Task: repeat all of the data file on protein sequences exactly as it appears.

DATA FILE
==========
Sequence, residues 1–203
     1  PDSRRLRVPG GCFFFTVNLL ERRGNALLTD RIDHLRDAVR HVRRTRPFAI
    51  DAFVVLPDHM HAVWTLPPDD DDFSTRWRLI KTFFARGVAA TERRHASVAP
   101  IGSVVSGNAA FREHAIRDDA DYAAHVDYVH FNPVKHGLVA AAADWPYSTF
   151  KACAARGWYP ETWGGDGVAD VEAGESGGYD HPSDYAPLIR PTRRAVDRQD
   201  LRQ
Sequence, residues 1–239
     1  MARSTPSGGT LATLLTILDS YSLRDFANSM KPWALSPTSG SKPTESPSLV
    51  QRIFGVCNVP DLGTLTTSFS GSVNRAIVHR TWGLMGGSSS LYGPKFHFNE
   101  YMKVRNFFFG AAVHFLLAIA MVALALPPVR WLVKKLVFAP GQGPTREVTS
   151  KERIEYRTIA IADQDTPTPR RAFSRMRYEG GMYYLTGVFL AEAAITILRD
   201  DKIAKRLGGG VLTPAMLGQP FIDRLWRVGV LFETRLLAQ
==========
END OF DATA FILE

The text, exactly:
Sequence, residues 1–203
     1  PDSRRLRVPG GCFFFTVNLL ERRGNALLTD RIDHLRDAVR HVRRTRPFAI
    51  DAFVVLPDHM HAVWTLPPDD DDFSTRWRLI KTFFARGVAA TERRHASVAP
   101  IGSVVSGNAA FREHAIRDDA DYAAHVDYVH FNPVKHGLVA AAADWPYSTF
   151  KACAARGWYP ETWGGDGVAD VEAGESGGYD HPSDYAPLIR PTRRAVDRQD
   201  LRQ
Sequence, residues 1–239
     1  MARSTPSGGT LATLLTILDS YSLRDFANSM KPWALSPTSG SKPTESPSLV
    51  QRIFGVCNVP DLGTLTTSFS GSVNRAIVHR TWGLMGGSSS LYGPKFHFNE
   101  YMKVRNFFFG AAVHFLLAIA MVALALPPVR WLVKKLVFAP GQGPTREVTS
   151  KERIEYRTIA IADQDTPTPR RAFSRMRYEG GMYYLTGVFL AEAAITILRD
   201  DKIAKRLGGG VLTPAMLGQP FIDRLWRVGV LFETRLLAQ